The cost of raising a child
It will cost $26,000 more to raise a child through high school today than it did just two years ago, a Brookings Institution estimate has found.
Driving the news: A married, middle-income couple with two children is likely to spend $310,605 — an average of $18,271 a year — to raise their youngest child born in 2015, per Brookings, which first shared the estimates to the Wall Street Journal.
- That's 9% more than what was estimated based on the inflation rate two years ago.
- "It's useful to remind people how much it's going to cost to raise a child. It's not exactly trivial," Brookings senior fellow Isabel Sawhill told Axios.
- "And [parents] are going to either have to work harder or make other sacrifices in terms of what they consume."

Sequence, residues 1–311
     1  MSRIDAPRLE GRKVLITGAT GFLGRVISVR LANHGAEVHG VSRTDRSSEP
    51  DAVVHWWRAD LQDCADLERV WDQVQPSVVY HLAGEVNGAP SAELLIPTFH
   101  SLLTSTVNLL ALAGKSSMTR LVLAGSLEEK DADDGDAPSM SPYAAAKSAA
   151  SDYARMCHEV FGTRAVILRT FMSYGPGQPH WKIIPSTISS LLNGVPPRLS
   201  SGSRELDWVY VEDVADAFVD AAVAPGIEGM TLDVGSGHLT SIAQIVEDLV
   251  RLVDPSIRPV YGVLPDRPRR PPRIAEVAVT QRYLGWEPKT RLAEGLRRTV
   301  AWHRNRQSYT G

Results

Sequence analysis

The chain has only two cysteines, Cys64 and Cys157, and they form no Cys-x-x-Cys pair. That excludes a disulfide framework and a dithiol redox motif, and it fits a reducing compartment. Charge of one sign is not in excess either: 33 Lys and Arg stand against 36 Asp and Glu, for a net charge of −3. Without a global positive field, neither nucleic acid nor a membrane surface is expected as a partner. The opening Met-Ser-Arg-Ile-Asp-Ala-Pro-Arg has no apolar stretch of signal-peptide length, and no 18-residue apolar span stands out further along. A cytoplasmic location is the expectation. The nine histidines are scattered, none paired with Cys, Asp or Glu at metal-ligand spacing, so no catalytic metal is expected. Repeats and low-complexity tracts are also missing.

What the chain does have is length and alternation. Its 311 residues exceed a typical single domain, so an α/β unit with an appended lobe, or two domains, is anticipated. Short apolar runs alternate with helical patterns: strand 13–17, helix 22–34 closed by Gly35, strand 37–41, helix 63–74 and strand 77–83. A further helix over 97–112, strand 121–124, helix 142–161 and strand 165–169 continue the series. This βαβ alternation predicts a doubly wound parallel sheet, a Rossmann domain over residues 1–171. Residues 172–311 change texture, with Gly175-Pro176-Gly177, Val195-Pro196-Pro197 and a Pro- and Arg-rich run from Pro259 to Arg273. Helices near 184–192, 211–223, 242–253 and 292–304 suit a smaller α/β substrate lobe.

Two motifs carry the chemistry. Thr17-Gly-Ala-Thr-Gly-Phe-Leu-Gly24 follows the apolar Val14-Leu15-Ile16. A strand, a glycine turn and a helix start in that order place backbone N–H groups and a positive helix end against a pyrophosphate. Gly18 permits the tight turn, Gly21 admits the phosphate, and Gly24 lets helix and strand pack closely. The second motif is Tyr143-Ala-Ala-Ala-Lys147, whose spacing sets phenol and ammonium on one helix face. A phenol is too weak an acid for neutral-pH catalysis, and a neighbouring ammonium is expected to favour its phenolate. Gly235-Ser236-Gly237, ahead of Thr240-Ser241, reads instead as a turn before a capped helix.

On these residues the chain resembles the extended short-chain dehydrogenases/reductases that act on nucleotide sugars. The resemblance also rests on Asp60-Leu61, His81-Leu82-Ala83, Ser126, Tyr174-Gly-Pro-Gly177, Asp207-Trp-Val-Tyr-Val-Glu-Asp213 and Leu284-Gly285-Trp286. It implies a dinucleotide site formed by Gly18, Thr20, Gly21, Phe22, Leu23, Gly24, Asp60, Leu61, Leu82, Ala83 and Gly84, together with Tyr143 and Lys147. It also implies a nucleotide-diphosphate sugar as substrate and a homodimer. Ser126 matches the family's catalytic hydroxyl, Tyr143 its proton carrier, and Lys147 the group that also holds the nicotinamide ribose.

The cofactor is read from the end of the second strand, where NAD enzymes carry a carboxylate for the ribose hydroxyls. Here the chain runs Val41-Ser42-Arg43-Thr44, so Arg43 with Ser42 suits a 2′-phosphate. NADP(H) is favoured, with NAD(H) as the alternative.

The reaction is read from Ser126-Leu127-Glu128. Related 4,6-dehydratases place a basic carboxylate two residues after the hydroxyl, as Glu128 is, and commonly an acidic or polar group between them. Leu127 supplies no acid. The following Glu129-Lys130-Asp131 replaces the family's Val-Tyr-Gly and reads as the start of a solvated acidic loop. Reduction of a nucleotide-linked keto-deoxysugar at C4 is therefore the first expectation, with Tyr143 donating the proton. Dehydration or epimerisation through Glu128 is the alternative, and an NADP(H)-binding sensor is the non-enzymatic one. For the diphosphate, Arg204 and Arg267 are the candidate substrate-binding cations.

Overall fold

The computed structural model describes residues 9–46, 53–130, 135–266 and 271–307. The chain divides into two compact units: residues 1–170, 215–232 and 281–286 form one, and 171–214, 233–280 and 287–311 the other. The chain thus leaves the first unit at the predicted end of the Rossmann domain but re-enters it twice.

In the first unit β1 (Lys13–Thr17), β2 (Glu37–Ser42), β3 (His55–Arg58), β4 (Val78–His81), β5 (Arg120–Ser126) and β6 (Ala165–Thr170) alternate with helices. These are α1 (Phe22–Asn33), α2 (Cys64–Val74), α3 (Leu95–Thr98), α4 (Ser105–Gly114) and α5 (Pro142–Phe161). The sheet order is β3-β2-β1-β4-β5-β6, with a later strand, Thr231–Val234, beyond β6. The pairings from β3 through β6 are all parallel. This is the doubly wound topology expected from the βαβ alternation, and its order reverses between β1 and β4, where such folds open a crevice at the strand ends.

Zoom out: Rising prices are likely to have disproportionate impacts on lower-income families that have already been cutting costs — and there's "nothing left to cut out," Muffy Mendoza, Pittsburgh mother of three, told the Journal.
- "We’re cutting off the cable today because we can’t afford it," she said.
State of play: Inflation is cooling slightly, but food, housing, supplies and other daily expenses remain high.
- That's on top of higher costs for child care arrangements.
- The Brookings estimate is an inflation-era adjustment based on USDA figures from 2017.
Between the lines: The estimate — which doesn’t include college education or private education costs — assumes that the U.S. has entered a period of higher inflation, similar to 1980 to 1997.
The bottom line: "I think this is not going to be a major determinant of whether people have children or not, but I think it’s going to have an influence," Sawhill said.
Go deeper... The era of 9-5 child care is ending as parents' needs shift